Akira "George" Yoshitake
June 1929-October 2013
Akira George" Yoshitake, 84, died suddenly on Oct. 17, 2013, at Cottage Hospital in Santa Barbara, due to complications from a stroke.
George was born in Los Angeles in 1929, the third eldest of five children of Japanese immigrants. As a 5-year-old boy, George was considered a piano prodigy who was able to correctly name a key upon hearing it played from another room.
His childhood was abruptly disrupted in 1942, after the U.S. entered World War II. George, along with his parents and siblings, were sent to the Rohwer, Ark., internment camp, along with thousands of Japanese Americans and Japanese nationals. Despite living an environment surrounded by barbed wire and few personal possessions, he managed to find simple pleasures in camp like snacking on baked yams and playing with friends. After the war, George returned to Los Angeles as a young teen.
He later served as a civilian photographer for the U.S. government, who shot the iconic Ground Zero photographs of five military men who did not wear any protective gear as they stood underneath an atomic nuclear blast in the Nevada desert in 1957. At the time, he was not aware of what his assignment would entail, until arriving at the test center that day. The New York Times and CBS News, as well as other publications, have since featured George regarding the governments atomic nuclear tests.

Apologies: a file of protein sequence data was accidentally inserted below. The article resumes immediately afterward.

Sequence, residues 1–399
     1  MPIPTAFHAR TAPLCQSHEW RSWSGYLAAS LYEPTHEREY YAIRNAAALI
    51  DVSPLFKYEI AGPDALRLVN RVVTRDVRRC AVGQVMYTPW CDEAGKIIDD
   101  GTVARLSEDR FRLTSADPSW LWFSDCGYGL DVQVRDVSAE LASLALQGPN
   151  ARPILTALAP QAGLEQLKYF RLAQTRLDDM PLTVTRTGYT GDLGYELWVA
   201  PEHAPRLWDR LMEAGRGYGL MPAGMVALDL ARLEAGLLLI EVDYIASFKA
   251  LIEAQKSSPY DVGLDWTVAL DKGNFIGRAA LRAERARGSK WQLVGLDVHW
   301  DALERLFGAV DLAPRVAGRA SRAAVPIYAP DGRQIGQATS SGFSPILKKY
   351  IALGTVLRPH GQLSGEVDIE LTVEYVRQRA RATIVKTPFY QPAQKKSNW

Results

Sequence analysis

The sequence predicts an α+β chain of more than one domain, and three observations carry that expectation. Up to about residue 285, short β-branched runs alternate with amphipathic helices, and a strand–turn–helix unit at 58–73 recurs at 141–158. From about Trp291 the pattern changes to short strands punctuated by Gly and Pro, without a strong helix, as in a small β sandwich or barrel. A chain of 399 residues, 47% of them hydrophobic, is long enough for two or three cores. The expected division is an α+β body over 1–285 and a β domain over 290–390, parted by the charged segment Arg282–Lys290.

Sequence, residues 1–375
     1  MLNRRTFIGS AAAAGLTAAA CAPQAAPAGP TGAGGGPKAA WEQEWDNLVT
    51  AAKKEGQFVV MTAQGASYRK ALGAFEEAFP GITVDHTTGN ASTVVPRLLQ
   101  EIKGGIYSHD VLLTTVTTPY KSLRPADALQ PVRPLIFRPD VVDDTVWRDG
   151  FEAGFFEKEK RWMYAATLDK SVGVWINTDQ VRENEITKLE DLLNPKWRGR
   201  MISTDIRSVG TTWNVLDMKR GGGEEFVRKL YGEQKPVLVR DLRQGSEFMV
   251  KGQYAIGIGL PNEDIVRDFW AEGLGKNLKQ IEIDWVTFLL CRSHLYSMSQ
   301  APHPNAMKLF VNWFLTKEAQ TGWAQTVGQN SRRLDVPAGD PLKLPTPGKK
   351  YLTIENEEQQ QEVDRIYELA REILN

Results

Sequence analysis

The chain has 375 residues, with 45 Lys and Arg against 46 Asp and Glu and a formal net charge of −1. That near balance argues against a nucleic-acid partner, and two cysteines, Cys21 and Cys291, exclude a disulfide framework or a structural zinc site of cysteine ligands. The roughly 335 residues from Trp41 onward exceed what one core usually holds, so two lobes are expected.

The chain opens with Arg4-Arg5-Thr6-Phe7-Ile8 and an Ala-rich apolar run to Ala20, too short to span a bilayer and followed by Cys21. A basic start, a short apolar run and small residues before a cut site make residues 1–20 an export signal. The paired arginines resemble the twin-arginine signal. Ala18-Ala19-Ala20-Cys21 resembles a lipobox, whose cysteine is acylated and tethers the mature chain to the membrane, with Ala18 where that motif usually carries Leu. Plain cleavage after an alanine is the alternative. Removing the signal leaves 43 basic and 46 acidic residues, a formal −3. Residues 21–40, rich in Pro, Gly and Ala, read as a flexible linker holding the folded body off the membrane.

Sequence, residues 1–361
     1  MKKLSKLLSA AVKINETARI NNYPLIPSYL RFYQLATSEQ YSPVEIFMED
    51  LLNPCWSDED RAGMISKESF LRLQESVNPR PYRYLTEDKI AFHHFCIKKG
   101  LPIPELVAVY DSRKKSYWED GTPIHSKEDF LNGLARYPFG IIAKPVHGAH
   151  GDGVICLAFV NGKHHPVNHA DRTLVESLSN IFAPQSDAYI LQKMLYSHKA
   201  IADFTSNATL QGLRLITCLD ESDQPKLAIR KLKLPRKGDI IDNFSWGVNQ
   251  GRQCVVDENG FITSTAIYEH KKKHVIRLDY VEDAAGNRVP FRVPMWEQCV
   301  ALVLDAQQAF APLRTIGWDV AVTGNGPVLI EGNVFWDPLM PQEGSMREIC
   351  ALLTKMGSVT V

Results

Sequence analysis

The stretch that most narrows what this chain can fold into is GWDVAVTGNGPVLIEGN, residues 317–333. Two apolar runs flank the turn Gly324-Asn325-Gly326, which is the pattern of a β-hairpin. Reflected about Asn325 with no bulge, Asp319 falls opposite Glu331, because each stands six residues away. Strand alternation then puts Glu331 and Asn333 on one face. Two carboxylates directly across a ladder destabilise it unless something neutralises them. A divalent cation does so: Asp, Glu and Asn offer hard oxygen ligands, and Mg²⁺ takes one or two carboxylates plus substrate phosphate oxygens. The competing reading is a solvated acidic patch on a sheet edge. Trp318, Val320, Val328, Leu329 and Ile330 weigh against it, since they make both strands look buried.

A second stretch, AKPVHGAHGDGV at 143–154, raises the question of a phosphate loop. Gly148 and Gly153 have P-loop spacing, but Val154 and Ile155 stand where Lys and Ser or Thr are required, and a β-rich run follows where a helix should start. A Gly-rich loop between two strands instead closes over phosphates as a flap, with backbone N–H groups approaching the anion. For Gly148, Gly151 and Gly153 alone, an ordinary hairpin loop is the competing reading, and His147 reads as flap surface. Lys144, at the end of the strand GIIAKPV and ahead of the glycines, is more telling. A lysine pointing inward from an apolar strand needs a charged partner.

George lived in Montebello with his wife and three children until 1966, when he was transferred to Lompoc as assistant operations officer of the 1369 Audiovisual Squadron at Vandenberg Air Force Base. During his tenure, he received the Aerospace Audio-Visual Service (AAVS) Civilian of the Year award in 1971. He retired in 1985 after having served a long and distinguished career
Bored with retirement and with playing golf every day, George joined the Lompoc Unified School District in 1987 as a school bus driver and was affectionately known as Mr. Yosh. He later established a video production company in 1995 called Video Creations, in which he filmed events, weddings and Lompoc High School football games. After running the business for more than a decade, he sold it to take care of his ailing wife June, who passed away in 2011 after 53 years of marriage.
During his lifetime, George was known for his outgoing, upbeat and friendly personality, as well as his willingness to help others. He was also an active community member in Lompoc and Santa Maria, where he served as treasurer of the Santa Maria Japanese Community Center; a board member of the Valley of the Flowers United Church of Christ; and PTA board member of his children's schools.
He is survived by a brother, James Yoshitake of Montebello, CA; a sister, Yuri Imamura of Cupertino, CA; and three children, Steve Yoshitake (Cheryl) of Orcutt, CA; Dawn Kawamoto (Jon) of Albany, CA; and Glen Yoshitake (Lisa) of San Diego, CA; four grandchildren; and three great-grandchildren.
A memorial service will be held at 1 p.m. on Oct. 27 at the Valley of the Flowers United Church of Christ, 3346 Constellation Rd., in Lompoc.